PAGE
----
There wasn’t much snow during the 2010/2011 winter season in Europe, while USA and Canada had continuous breaking records snow dumps.
We had to deal with the fact we had no snow and still produce shots. It pushed us, photographers and athletes to be creative.
We talked with Tignes skier Flo Bastien of all the possibilities we had left to shoot « something ». I talked of the par-avalanche above the Tignes Le Lac road to Le Val Claret, but this spot has been photographed so much in the past, it was hard to come with something new.
A shot i took from the same spot in 2008 with Freeride World Champion Guerlain Chicherit
We decided to shoot it like never before, putting the viewpoint high up on the middle of the jump, and lighting the whole scene with flashes. With colored Gels on the flashes to match the color of the skis and Flo B hoody.
The spot how it looked like shortly after we arrived with Flo B
Technically it was a big challenge.
First for Flo B, who had to do a clean grab 360 jump on a 7 meters drop, landing on a snow way too hard for our taste.
On the shooting side, i had to trigger at the exact right time (you only got one shot when using flashes, you can’t burst a sequence) from the ground guessing the angle my fisheye lens was seeing 6 meters higher on top of a giant tripod.
On the first attempt Flo did a straight air to judge the speed he needed. The landing was definitely harder that what we hoped thus we knew we had to get it right quick because there wouldn’t be too many attempts.
Flo B first jump, a straight air to judge the speed needed
On the Flash side i used 2 flashes to freeze Flo B in the air, and 6 other gelled flashes to light the scene. Everything had to trigger at the same time. Trust me, when you’re shooting on the snow its not a given, you often have to fight it to get everything firing together and at the right power levels. I had to walk the spot a few times up and down to get everything right.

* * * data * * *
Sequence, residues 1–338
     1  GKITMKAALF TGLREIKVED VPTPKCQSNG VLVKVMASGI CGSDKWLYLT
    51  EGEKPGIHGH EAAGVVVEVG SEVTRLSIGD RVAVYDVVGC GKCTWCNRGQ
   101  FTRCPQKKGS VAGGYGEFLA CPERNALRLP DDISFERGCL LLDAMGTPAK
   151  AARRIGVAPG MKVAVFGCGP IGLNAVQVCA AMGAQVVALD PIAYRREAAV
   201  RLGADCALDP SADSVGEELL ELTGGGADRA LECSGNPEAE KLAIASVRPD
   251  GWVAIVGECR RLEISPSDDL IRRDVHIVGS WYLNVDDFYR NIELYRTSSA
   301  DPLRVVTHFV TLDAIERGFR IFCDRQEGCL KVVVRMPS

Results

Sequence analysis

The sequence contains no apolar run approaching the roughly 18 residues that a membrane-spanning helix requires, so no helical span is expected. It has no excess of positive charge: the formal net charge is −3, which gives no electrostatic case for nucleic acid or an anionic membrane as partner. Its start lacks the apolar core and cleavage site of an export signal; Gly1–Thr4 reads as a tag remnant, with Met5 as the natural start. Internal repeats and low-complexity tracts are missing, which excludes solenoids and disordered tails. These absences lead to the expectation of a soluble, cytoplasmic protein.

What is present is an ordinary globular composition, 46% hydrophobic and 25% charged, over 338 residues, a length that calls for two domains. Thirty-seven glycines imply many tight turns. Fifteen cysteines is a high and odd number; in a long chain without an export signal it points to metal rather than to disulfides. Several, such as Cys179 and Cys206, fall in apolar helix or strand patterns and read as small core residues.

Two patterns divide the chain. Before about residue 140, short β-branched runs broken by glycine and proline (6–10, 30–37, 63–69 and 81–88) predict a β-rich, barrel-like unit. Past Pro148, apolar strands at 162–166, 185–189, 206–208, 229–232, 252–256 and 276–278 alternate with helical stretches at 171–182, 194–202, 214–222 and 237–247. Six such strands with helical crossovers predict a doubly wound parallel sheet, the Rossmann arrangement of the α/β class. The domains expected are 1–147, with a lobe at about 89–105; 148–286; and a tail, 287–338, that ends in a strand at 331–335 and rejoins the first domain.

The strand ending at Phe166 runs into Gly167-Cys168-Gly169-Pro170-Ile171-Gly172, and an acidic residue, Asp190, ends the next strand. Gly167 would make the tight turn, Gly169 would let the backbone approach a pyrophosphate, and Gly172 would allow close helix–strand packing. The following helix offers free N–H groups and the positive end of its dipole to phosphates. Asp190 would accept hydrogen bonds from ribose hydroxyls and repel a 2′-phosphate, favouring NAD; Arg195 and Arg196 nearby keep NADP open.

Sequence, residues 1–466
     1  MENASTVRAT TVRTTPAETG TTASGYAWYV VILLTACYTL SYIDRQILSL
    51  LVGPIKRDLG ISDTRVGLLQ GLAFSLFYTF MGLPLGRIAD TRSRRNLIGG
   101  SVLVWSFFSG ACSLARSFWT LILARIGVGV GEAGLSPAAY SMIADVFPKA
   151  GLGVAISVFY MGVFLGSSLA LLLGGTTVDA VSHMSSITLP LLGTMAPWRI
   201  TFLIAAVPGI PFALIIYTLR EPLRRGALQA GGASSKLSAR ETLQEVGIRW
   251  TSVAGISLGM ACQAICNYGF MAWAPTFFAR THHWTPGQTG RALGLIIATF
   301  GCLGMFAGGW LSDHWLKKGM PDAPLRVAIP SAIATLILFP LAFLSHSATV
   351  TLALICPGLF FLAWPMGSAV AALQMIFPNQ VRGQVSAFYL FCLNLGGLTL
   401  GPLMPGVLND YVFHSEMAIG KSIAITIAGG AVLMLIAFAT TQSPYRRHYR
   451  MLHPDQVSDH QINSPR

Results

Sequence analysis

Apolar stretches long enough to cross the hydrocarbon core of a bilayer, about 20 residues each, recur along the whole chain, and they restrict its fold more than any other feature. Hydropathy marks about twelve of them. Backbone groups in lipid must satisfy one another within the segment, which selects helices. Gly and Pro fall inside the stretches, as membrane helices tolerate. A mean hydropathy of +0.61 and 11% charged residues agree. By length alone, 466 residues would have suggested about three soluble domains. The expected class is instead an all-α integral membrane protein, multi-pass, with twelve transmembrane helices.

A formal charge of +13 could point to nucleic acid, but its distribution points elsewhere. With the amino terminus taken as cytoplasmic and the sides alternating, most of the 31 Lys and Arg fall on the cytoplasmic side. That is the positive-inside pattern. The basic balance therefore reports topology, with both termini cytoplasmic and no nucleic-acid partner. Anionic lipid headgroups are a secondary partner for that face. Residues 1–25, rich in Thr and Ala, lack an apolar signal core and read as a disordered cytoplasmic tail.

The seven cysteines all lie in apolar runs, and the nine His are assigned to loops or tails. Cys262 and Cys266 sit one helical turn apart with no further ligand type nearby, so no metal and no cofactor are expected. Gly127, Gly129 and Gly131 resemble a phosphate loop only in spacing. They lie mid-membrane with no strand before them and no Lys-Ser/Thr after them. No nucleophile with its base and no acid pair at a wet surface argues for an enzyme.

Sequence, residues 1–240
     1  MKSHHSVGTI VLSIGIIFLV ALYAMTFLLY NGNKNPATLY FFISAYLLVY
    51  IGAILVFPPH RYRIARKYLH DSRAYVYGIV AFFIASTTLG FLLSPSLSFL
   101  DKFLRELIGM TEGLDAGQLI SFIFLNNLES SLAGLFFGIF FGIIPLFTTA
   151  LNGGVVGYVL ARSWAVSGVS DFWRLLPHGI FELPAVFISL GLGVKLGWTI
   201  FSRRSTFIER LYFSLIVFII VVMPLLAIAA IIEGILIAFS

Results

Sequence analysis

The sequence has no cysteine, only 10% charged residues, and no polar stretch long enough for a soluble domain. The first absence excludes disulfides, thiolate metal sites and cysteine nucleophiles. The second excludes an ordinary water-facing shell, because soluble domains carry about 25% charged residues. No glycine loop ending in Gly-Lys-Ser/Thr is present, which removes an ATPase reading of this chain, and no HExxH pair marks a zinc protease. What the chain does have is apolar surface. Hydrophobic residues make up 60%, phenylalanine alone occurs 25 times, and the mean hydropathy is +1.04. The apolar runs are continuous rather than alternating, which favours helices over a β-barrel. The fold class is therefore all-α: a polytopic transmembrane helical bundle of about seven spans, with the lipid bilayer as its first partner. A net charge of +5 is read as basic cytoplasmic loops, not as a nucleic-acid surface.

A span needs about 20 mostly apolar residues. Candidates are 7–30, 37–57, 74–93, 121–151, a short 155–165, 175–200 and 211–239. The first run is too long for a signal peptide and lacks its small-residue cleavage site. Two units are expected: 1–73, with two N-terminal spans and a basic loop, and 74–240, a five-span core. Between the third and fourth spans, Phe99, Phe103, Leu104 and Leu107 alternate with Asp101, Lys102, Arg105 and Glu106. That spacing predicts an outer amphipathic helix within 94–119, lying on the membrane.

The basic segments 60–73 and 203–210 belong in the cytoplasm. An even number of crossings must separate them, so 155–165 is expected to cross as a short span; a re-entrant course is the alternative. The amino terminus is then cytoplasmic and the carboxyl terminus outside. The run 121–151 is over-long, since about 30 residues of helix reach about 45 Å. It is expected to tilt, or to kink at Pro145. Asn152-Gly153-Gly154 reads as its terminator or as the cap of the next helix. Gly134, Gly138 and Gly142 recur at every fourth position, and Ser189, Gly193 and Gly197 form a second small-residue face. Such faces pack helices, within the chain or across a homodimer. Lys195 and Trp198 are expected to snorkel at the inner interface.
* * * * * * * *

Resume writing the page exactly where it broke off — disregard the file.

it took us a couple of hours to install the setup, shape the jump and position the flashes. This and Flo first jump had attracted the interest of a few persons that stopped their car and came watching. I asked them to park their car underneath the par-avalanche to give a feeling of scale, and realize how big the drop was.
Flo B was not happy with the way his grab looked on the second jump so he walked back up.
We nailed the shot on the 3rd attempt.
It took us several hours of work to produce this single picture. That’s one of the beauties of shooting Urban Free Skiing.
Manny thanks for reading,
The Tech corner: 31/01/2011, Tignes, France. Canon 7D + Tokina 10-17 Fisheye@10mm. 1/640 f6.3 iso 200.
Strobist info: an elinchrom ranger RX A head camera left on top of the par-avalanche aimed at Flo. 2 Nikon SB80 with red gels pointed on the take off. 4 Nikon SB80 at the right of the landing with green gels, to light the landing and underneath the paravalanche. Another Ranger RX A head on the right of the landing aimed at Flo.
8 flashes in total, triggered with pocket wizards TT5 and Plus II